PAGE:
It’s been a long tiring school holidays. The children spent much of their time squabbling. Blithe Boy is now old enough to join in and cheerfully echoes his older siblings’ pronouncements. Fortunately, with the new part of the house we now have enough staircases, far enough apart, for one per child to sit on and ponder the error of their ways. And the staircases have been well used over the last few weeks. Squabbling children is nothing new but between painting the house which leaves me tired and cranky, adjudicating battles, separating combatants, feeding and watering, failing to keep up with various tasks, receiving a death sentence for our second car and subsequent decisions about how to replace it and a persistent undercurrent of frustration at not getting any writing done, it’s been a very long fortnight (not to mention a run-on sentence).
Blithe Boy has discovered the power of saying no. His latest is that he won’t drink milk after his sisters told him that it comes from a cow. “Don’t like cow’s milk” is his plaint. And so, today inspired by the pair of huge black crows hopping around our yard, I told him that we only had crow’s milk. He was quite happy to drink it and delighted by the notion. It has come to this – lying to children.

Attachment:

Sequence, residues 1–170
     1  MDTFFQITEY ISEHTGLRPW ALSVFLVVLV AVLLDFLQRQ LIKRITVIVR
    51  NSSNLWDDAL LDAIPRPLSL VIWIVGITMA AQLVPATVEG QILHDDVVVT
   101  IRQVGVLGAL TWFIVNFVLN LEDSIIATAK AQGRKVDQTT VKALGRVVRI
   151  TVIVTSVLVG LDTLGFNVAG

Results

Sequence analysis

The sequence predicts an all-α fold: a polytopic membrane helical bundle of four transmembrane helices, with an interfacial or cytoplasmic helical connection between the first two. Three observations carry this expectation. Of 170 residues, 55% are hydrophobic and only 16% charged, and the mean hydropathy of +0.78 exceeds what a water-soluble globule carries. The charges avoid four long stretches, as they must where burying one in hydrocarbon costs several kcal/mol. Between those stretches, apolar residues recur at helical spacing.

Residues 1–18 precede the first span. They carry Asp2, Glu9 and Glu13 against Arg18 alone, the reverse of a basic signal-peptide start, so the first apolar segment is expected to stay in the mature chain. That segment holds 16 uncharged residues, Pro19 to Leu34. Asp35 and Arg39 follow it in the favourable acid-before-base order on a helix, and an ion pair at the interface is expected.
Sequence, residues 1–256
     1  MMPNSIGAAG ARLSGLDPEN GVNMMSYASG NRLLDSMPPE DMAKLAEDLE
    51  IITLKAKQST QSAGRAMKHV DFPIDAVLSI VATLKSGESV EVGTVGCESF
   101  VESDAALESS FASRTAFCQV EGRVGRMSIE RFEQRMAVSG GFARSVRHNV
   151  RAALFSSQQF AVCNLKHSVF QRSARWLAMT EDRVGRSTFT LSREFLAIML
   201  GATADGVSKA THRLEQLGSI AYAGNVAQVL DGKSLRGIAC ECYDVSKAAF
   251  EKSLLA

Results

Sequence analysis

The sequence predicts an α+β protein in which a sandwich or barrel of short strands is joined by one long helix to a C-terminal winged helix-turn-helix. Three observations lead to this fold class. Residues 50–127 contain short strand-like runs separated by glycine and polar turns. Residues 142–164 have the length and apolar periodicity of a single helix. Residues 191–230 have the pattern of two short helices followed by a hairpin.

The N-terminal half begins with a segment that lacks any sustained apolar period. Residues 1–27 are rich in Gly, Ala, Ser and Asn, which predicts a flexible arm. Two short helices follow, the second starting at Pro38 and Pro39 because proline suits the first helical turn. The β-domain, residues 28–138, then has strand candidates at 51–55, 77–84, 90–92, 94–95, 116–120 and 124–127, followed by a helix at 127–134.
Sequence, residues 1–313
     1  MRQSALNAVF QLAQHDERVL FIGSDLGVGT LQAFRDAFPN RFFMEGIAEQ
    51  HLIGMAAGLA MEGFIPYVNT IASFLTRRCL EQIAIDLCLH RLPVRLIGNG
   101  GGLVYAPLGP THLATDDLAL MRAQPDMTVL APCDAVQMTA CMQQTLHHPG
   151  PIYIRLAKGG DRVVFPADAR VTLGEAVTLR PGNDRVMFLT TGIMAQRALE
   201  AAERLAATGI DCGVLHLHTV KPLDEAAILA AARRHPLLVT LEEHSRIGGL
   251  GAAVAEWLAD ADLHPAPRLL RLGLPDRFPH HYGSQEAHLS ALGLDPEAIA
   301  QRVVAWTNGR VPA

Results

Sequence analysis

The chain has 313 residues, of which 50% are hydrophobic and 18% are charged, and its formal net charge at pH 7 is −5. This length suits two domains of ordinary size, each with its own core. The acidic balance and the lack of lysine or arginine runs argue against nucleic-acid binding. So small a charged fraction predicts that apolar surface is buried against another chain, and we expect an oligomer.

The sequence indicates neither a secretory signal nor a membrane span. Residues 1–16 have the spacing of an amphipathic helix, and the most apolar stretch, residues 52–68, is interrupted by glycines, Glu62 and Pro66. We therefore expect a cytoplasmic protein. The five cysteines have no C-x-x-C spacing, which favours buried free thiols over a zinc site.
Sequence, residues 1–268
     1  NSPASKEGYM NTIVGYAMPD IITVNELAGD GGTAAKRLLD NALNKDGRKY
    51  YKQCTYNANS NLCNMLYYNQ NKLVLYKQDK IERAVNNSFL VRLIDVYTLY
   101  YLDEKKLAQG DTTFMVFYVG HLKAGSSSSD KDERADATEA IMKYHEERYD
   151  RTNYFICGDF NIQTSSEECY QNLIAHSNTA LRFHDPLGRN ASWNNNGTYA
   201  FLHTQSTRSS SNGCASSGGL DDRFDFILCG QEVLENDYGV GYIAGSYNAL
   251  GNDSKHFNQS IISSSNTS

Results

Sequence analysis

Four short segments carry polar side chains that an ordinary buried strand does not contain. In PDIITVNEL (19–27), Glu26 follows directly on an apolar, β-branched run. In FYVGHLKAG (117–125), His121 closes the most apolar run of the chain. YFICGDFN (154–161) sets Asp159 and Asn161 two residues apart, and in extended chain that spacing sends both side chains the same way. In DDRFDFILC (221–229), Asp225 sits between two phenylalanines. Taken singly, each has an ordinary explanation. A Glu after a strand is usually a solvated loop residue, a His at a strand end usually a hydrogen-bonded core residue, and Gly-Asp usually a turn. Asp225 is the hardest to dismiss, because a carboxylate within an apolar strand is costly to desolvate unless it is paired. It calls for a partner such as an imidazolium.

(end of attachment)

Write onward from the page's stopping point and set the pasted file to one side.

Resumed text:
Then last night, Mr Blithe told me that I should be writing vampire romances. Apparently, and I have heard this from other authoritative sources, vampire romances are the new wave. As Gail Collins, smart-writing columnist for the New York Times, and a favourite of Mr Blithe’s, advises “If you want to become a best-selling novelist…start by making your hero a little bit undead.”
In her July 12 column Collins is riffing on the best-selling The Twilight Saga written by a stay-at-home Mormon mother, Stephenie Meyer. The fourth novel is about to be released with great fanfare. Collins points out that “People who have tried to write fiction may be deeply depressed to hear that she did it [wrote the novels] in a flash after she had a dream about the characters, who then inhabited her mind and dictated the novels to her.”
My concern, after the last few weeks is that anything inhabiting my mind is not dictating novels to me, or if they are, only of the mundane variety spiced with a dash of horror.